If you are the head of your home IT department, you may relate to this tale
Last night my wonderful wife Stacy was riddled with angst over the disruption of her binge watching a spy series, a mild crisis with our own IT hardware.
The cause of her disappointment was the failure of our new large screen Ultra High Definition (UHD) Smart TV to deliver a drama series with a reasonable picture and sound quality.
The failure mode was a choppy video stream and intermittent sound.
It was so bad she was reading the closed captioning while watching a series of almost jumping video frames. She was freaking out.
Who is to blame?
With me being the only engineer in the house, and according to our gender division of labor, I was expected to solve this reliability of service problem, and soon.
As would most non-technical users, she did not care who was the provider of a long service supplier chain that was the weak link.
Her first target of frustration in our discussions of the issue was the Satellite system. I pointed out that the content provider was being streamed through the internet and the problem was independent of the Satellite system.
Next, she blamed the TV manufacturer for causing the failure of service. I thought that may be possible as I had previously had to power cycle the program because of the failure of an app to load, and the power cycle did fix that problem.
The long chain of potential culprits
It is funny that we still call these amazing displays and systems “Televisions”, now that they are basically computers with amazingly detailed large displays.
They are complex systems with many suppliers of interdependent hardware and software in the chain of delivery. Everything must work together to successfully deliver content to the viewer.
As the capabilities and quality of Television and the internet increase and start blending into one system of content delivery adds many more potential causes and suppliers of reliability failures.
With our new UHD TV, we can access movies and TV shows from a satellite system provider, as well as the internet.
These days we are watching much more original content from the internet streaming content providers such as Amazon Prime, Netflix, and YouTube along with others. The reliability of being able to watch movies and shows from the cloud shifts now to our ISP (via DSL) provider’s signal.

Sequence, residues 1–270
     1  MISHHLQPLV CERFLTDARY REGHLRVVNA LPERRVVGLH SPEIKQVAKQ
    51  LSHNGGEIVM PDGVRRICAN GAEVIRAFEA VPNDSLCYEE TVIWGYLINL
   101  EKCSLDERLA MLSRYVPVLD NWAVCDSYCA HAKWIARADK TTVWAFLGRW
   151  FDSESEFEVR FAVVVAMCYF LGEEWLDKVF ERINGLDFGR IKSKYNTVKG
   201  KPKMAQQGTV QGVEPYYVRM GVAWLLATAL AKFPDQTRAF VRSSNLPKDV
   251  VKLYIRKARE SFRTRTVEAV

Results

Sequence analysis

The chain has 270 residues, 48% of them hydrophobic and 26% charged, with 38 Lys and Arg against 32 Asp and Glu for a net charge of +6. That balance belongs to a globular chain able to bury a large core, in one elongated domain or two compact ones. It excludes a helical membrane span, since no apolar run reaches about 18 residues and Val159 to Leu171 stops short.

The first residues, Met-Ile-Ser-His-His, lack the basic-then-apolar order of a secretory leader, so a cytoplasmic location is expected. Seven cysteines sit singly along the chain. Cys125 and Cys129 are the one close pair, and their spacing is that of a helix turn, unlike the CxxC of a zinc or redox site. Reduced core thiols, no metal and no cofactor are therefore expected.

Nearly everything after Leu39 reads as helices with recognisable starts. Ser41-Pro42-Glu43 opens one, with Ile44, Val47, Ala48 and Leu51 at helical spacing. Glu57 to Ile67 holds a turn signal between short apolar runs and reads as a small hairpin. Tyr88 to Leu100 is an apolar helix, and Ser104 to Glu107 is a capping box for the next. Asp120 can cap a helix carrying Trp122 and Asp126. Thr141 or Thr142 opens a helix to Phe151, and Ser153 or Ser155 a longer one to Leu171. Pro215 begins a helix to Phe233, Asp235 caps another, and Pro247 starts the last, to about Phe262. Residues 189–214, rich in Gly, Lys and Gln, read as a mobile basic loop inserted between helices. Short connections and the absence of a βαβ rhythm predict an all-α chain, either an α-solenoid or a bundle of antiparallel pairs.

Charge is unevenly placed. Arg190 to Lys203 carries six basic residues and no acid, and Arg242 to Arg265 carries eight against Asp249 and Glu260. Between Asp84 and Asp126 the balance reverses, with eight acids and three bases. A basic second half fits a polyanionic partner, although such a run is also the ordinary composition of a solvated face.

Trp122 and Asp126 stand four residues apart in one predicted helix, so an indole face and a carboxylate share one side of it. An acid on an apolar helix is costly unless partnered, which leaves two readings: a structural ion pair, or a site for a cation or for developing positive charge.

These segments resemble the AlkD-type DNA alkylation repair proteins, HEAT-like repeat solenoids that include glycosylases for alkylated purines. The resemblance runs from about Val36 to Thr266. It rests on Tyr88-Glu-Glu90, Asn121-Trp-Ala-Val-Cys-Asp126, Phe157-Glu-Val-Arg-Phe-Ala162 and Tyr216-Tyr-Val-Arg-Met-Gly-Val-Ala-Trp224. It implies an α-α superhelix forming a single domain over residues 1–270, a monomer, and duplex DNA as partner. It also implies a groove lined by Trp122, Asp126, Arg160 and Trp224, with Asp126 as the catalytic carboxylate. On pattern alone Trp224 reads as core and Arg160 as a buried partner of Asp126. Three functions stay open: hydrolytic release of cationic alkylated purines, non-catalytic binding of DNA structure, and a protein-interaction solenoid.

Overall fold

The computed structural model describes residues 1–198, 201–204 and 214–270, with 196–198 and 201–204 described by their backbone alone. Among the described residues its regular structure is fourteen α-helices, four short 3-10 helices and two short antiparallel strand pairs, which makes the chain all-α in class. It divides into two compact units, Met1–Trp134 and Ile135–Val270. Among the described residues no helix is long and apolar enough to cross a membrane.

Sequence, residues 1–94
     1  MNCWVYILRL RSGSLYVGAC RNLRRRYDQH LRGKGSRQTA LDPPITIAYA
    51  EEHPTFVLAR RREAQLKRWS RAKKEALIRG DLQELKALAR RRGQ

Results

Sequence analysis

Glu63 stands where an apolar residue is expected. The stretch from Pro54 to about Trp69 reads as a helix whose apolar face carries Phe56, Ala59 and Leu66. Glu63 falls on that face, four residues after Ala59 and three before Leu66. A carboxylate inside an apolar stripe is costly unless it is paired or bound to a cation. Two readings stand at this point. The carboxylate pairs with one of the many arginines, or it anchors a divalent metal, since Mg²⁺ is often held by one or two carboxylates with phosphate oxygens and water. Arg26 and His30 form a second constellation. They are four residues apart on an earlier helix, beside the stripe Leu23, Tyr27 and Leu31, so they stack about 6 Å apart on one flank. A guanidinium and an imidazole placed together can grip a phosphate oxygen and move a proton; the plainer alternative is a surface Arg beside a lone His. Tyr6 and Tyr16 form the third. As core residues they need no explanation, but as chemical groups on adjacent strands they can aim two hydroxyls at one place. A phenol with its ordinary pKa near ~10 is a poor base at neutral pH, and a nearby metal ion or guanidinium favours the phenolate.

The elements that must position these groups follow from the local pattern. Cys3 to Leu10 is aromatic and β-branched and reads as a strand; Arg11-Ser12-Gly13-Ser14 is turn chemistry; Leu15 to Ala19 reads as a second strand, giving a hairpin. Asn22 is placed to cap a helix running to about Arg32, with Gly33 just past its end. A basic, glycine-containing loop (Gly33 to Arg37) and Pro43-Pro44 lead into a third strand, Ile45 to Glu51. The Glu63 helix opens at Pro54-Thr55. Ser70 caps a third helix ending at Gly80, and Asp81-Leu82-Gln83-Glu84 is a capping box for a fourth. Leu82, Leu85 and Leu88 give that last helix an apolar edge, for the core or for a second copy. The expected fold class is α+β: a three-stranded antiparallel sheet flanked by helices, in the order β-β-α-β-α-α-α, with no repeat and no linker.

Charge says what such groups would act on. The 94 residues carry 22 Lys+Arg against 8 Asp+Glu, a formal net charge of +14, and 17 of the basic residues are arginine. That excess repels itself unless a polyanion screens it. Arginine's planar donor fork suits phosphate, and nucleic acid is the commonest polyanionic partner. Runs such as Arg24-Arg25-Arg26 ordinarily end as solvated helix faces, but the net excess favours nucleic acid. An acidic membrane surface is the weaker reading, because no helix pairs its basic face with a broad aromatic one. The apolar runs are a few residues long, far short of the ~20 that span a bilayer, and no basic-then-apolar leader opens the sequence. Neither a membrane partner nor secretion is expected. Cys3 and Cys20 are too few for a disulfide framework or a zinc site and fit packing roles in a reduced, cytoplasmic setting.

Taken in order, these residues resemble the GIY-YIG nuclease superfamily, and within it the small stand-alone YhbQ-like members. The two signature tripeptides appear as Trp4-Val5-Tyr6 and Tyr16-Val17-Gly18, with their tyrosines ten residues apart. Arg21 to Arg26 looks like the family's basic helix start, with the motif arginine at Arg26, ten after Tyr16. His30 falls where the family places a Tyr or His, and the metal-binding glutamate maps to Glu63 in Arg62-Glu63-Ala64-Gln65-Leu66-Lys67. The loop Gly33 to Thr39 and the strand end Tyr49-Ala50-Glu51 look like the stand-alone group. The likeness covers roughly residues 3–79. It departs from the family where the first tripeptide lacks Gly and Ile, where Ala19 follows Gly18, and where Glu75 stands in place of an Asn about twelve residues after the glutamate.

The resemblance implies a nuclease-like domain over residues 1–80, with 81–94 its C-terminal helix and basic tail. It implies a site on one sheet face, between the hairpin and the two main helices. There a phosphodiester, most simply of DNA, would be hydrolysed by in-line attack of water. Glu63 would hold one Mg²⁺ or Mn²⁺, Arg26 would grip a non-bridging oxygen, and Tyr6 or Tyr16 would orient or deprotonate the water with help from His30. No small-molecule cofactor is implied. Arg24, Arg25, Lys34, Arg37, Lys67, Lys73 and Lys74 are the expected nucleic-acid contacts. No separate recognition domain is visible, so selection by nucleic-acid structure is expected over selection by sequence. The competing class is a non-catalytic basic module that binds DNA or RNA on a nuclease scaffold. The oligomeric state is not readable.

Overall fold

The use of ISP for TV content adds many hardware and software nodes to the chain, not all under the control of the provider.
What is most likely and what is the easiest solution?
My first thought when I saw the TV failure mode is that our ISP provider was at fault. It was possible that the data rate, the Mbps (megabits per second) download rate had dropped due to our Wi-Fi or local internet traffic loads being heavy, slowing the system.
So my first thought was to the easiest of the solutions, and one solution I had “fixed” many failed IT systems both in my professional career and at home – simple–
TURN IT OFF and TURN IT ON!
It was back to normal again.
My wife was gleeful and expressed deep admiration for my IT prowess.
Rushing to fix it!
In my desperation to please my most important IT client (my wife), back to making the streaming series watchable again, I made a common error with failure cause isolation and trying to determine the element that was at the cause of the failure.
I erred in that I reset two hardware systems in the signal chain simultaneously.
I unplugged DC power to the DSL modem and plugged it back in to reset the access to the DSL signal.
For the newer Smart HDTV’s, Using a remote control on/off does not really reset operating software in the system, so I power cycled the TV by pulling out the AC power cord, waiting a few seconds, and reconnecting it.
Conflict of priorities challenge to finding the root cause
The solving of an IT problem at home illustrates a common problem in the real world of electronics field reliability.
In most cases, the emphasis is on getting the customer back up and running, as was the case when I was repairing semiconductor high vacuum systems. Time was money, and so most field repairs use the method of “shotgunning” by replacing many hardware subsystems simultaneously.
It is best in the short term for the customer, but it makes for many parts being sent back that have no defect which is one of the many contributors to the NDF (no defect found) problem.
NDF continues to be a big challenge in finding the root cause of the failures.
As our home entertainment, as well as other consumer electronics, become more dependent on cloud services and internet signal quality, we are adding many more interconnections, apps, and links in the delivery chain controlled by many more companies making hardware and software.
These many tiers of hardware and software make it more difficult to isolate the root cause of service failures.
As Steve Jobs had said “it just works” (the of majority of the time)
But sometimes it doesn’t work and it’s not known why.
Fortunately, for most “soft failures” of digital systems are fixed with rebooting or power cycling.
We may not know what causes the failure, but we are just happy it works again.